Teacher training for parent?

L. Sullivan said: Mar 4, 2017
3 posts

In about a year’s time, I hope to start my child on Suzuki violin. Some of the local programs suggest that one or both of the child’s parents take Every Child Can! prior to starting their child on lessons. I’m wondering about the value of a Suzuki parent getting further Suzuki training in order to better help their child practice at home. There are local classes near me for the first few books of the repertoire.

Do you think that’s helpful? Or does having a more knowledgeable parent backfire, and get in the way of the actual teacher teaching the child?

For a parent interested in being more helpful to their child, and maybe doing some volunteer teaching in the future: Is it better to do the comprehensive audition if you can, or the basic or intermediate auditions instead? How much higher is the expected playing standard in order to pass the intermediate or comprehensive auditions?

I was a Suzuki student as a child, up through book 6. I took conventional violin lessons after that. I play casually as an adult amateur. I do know both the Mozart 4 and 5 concertos.

Kurt Meisenbach said: Mar 5, 2017
Kurt Meisenbach
Suzuki Association Member
Viola, Violin
Plano, TX
45 posts

You ask some very good questions. In my experience there are no absolute answers. In your case you have a very solid Suzuki and general music background, so your instincts will guide you in the right direction.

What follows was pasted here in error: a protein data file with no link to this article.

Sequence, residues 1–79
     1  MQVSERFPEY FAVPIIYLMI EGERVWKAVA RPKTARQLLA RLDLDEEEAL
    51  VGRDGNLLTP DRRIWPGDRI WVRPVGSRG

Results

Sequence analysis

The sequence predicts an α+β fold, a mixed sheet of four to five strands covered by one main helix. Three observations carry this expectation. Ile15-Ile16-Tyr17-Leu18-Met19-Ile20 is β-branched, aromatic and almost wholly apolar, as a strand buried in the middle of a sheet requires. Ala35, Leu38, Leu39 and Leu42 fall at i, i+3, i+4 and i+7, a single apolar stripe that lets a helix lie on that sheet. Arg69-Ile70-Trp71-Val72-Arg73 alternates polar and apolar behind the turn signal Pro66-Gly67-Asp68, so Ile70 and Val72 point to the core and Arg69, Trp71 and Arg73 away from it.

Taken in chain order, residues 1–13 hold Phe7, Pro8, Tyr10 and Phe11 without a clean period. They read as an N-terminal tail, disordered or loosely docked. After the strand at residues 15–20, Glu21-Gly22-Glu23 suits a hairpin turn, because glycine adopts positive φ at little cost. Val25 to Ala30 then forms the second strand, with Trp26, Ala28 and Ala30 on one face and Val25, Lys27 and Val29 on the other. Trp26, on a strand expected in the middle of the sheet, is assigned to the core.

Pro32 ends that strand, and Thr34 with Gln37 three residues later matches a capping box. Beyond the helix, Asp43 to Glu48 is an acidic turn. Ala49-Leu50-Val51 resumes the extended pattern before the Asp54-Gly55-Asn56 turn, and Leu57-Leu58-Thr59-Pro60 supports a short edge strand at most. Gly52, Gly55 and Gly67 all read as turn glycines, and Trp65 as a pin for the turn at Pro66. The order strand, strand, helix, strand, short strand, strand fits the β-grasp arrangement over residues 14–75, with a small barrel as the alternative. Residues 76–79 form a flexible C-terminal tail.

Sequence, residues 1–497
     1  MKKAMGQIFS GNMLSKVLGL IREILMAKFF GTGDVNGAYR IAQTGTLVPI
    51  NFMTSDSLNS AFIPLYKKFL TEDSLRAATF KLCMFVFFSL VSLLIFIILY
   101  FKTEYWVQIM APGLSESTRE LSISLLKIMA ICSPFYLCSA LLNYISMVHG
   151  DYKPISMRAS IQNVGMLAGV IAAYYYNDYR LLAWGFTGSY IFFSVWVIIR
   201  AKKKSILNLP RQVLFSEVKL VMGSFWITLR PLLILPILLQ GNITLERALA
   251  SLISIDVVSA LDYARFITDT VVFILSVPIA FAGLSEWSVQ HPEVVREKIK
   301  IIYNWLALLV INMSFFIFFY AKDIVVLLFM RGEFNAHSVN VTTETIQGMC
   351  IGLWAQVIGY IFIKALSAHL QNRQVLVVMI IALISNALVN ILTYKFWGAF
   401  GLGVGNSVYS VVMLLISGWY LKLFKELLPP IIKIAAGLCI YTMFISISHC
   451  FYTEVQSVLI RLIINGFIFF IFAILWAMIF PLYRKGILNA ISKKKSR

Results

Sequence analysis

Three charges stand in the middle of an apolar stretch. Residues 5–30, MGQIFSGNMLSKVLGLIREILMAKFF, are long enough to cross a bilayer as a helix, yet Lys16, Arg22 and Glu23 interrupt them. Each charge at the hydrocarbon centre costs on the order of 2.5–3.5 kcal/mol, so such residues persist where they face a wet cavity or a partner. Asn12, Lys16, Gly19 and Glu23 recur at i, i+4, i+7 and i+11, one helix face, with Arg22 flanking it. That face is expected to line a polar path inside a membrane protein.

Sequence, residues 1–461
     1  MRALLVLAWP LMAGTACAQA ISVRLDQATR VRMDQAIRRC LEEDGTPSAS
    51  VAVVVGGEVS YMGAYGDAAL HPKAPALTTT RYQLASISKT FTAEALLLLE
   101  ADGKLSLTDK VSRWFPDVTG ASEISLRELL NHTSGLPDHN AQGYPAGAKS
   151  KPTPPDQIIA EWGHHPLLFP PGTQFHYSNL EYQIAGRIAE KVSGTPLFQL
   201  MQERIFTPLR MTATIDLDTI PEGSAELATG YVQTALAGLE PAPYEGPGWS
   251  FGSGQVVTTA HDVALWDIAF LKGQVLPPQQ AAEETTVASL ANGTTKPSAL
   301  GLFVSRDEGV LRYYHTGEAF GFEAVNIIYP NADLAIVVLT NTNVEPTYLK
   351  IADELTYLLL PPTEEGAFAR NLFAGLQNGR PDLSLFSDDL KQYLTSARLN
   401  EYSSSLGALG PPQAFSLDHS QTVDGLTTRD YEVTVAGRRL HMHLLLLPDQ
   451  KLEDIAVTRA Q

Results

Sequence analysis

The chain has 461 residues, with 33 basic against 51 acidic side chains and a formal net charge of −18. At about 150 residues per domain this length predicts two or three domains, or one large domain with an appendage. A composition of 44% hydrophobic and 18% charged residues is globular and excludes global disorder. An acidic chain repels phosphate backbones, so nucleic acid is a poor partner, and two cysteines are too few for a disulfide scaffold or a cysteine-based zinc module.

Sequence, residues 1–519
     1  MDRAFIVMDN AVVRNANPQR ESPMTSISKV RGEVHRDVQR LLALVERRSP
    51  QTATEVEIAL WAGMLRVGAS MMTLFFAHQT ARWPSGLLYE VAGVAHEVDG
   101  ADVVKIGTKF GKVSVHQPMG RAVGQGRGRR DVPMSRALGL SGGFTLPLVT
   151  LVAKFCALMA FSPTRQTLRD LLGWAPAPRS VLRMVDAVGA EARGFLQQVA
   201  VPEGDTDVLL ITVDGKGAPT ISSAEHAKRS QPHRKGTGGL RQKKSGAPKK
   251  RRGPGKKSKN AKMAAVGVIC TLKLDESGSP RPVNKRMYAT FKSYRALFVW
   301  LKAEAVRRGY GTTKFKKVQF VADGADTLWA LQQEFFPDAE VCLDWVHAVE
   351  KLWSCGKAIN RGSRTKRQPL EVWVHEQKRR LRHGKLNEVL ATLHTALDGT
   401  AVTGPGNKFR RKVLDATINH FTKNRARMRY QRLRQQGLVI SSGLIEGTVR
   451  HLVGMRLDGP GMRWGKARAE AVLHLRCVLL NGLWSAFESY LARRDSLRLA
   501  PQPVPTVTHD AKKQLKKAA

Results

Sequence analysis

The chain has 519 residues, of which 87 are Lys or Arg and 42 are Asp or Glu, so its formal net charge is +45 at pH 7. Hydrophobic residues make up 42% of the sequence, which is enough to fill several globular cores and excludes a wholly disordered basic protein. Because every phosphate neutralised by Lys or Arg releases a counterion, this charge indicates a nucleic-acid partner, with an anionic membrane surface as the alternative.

I taught viola using the traditional method for many years. I had world class teachers, so the training I provided my students would be considered mainstream traditional teaching.

I embraced the Suzuki method because I want to teach young children. To do this you need a methodology and Suzuki is the best. I have not been disappointed. I recently visited Austin Texas, where I attended every concert that was given by the students at the their summer training seminar. It was edifying to see so many young people doing something so positive and having such a good time doing it.

With regard to your question about parent training, additional knowledge will not hurt, provided that you don’t contradict what the Suzuki teacher is saying in class. The issue is not that the teacher is always right or that your perspective is incorrect, but that conflicting guidance confuses the child. By the way I am developing a methodology that will include both written and video training for Suzuki parents in Uruguay, where I live and teach. The better educated the parent is, the better they will teach and the faster and more accurately their child will learn.